Third from the Sun | Richard Matheson (1950)

His eyes were open several seconds before the alarm was supposed to go off. Beside him, his wife touched his arm. He knew what she was going to say.

“Are we still going?” she asked.

“Yes,” he said and he felt her fingers grip his arm even more tightly.

“You’re certain we can get on the spaceship without anyone noticing?” she asked.

“They’ll think it’s just another test flight. Nobody will be checking.”

“I’m afraid,” she said.

“So am I,” he replied, “but we’ll be safe.”

“You’re sure we don’t need anything else with us?” she asked.

“No, I put all the supplies we’ll need on the spaceship. Anyway, we can’t carry anything past the guard. He has to think that you and the children are just coming to see me take off.”

“But won’t the guard think it’s funny that the family next door is coming to see you off, too?”

“We’ll just have to take that chance,” he replied.

In the next room, he heard the children’s voices. At least they don’t know what’s happening, he thought. They think they’re going to take me down to the field. They don’t know they’re never coming back.

It seemed so difficult, but there was no other way. In a few years, there would be another terrible war, and the entire planet would be destroyed. If they escaped now, they could begin all over again on a new planet. He sighed and went down the ramp to join his family for breakfast.

“Pretty soon, dad?” the son asked.

“Yes,” he answered, “very soon.”

A dish shattered on the floor. His wife bent to pick it up.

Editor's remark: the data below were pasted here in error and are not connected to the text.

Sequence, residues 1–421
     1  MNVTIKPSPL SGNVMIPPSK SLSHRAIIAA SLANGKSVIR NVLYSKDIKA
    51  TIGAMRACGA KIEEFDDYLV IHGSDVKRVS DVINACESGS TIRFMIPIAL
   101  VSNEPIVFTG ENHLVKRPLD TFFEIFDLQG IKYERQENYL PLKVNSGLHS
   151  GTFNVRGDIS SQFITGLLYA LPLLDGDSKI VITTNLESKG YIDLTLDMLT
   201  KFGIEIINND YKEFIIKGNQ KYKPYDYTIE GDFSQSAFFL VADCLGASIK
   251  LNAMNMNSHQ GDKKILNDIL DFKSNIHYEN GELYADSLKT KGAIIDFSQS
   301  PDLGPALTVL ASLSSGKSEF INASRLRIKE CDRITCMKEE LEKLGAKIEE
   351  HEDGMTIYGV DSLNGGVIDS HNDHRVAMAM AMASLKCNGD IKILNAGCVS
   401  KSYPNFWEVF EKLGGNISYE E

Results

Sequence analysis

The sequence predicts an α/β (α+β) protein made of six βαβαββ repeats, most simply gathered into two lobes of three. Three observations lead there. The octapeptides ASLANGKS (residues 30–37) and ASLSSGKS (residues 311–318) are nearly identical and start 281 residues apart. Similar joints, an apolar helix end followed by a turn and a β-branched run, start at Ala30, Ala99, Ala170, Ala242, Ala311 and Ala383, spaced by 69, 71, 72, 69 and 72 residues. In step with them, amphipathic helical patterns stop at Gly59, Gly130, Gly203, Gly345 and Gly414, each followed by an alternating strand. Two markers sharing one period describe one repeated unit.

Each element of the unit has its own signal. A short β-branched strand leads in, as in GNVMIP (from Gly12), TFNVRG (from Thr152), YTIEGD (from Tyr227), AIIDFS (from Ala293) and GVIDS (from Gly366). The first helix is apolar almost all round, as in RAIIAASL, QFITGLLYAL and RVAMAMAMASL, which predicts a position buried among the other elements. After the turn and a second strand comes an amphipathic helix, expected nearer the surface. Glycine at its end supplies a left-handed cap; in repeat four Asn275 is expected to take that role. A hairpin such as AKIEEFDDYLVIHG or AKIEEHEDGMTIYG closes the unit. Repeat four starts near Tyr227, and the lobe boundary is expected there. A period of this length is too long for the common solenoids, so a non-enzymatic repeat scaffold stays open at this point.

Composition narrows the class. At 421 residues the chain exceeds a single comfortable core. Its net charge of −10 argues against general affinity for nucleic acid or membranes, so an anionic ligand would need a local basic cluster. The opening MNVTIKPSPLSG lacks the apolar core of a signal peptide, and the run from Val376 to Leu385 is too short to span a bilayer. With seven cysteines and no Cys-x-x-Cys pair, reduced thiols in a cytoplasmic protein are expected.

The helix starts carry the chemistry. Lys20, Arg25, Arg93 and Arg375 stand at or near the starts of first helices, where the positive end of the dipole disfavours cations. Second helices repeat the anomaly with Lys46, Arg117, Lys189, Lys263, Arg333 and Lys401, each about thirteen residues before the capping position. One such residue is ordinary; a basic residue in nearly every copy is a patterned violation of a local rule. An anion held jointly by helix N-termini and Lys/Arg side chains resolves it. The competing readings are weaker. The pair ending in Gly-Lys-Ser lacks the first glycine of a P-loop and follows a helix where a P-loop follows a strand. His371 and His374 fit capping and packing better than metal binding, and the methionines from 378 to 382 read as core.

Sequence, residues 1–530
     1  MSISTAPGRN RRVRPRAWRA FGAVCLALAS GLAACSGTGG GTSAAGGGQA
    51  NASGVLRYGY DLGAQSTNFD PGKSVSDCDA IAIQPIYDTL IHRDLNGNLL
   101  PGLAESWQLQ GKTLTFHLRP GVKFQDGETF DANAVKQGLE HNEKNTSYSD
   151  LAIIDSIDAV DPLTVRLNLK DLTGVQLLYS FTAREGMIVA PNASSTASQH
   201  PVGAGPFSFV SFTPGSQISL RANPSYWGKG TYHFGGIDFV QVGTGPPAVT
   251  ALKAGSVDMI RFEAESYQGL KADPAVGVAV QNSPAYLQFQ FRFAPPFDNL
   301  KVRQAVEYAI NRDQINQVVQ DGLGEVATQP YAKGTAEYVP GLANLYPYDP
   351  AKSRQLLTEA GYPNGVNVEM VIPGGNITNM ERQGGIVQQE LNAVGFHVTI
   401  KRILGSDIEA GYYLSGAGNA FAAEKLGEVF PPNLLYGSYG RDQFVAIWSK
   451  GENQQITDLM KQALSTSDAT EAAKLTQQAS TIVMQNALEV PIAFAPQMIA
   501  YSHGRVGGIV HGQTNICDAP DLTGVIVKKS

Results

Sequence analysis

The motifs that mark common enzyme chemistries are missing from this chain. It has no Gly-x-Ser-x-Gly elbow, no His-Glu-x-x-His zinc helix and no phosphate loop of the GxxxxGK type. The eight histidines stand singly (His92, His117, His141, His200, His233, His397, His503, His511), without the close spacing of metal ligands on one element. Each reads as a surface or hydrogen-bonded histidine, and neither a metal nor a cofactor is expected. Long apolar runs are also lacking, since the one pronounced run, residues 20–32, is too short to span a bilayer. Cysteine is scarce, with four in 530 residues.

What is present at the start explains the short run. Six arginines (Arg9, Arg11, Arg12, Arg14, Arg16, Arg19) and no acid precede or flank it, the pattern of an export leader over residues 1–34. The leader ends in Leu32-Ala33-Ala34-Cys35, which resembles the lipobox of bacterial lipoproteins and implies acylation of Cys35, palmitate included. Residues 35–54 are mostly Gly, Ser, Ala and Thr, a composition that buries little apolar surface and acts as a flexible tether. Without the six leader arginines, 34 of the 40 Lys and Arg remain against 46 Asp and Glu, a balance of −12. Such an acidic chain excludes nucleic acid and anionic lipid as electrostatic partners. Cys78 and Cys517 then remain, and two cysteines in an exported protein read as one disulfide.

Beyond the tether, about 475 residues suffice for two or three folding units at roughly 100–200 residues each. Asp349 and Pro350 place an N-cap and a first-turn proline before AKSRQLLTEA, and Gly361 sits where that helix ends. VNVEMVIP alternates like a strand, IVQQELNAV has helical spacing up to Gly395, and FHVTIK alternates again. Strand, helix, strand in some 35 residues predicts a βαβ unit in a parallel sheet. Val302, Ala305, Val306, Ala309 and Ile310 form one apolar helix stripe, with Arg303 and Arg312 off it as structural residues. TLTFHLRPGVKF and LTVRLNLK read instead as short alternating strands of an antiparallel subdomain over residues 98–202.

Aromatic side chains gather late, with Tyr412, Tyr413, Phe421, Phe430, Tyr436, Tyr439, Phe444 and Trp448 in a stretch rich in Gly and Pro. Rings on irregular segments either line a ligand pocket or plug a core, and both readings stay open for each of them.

“What’s the matter?” asked her daughter.

“Nothing, dear,” she said. “Drink your juice. Our friends will be here soon.”

Outside the bell sounded, and he saw the other family waiting for them by the ground car.

He turned to his wife. “Should we lock the house?”

“Does it matter?” she replied, turning away.

The two families rode in silence through the deserted streets. At the entrance to the field he warned, “Remember, not a word from any of you.”

The guard recognized him as the chief test pilot for the new spaceship. “My family and some friends are coming down to watch me take off,” he told the guard.

“That’s fine,” the guard replied and waved them through.

As they hurried to the spaceship, he stopped a moment to look back.

Then he leaned down and picked up some dirt. “Goodbye,” he whispered, putting it in his pocket.

The elevator rose and then came to a stop. The doors opened and they all scrambled into the spaceship. The children gasped when they saw how high up they were.

“Shouldn’t we tell them now?” asked his wife. “Shouldn’t we let them know it’s their last look?”

“Yes,” he said, “go ahead and tell them.”

As he touched a switch, deep in the spaceship a spark ignited the rockets. He reached his trembling hand toward the control button and saw that they were all staring at him. He pressed it. The ship quivered for a second, and then they felt it rush up into the air, faster and faster.

He watched the children turn to the windows. “Goodbye,” they said, “goodbye.”

He sank down wearily at the controls. “You know where we’re headed?” his friend asked him.

“He leaned over the chart and pointed to a planet far away in another part of space. “Yes,” he replied, “that small one over there, the one near that moon.”

“This one, third from the sun?”

“That’s right,” he said, “the one third from the sun. I call it Earth.”

Richard Matheson (1926-2013) was an American author and screenwriter who wrote primarily in the science fiction, fantasy, and horror genres of literature and film, and is perhaps best known as the author of “I Am Legend”. His short story “Third from the Sun” was first published in the October 1950 issue of Galaxy Science Fiction.

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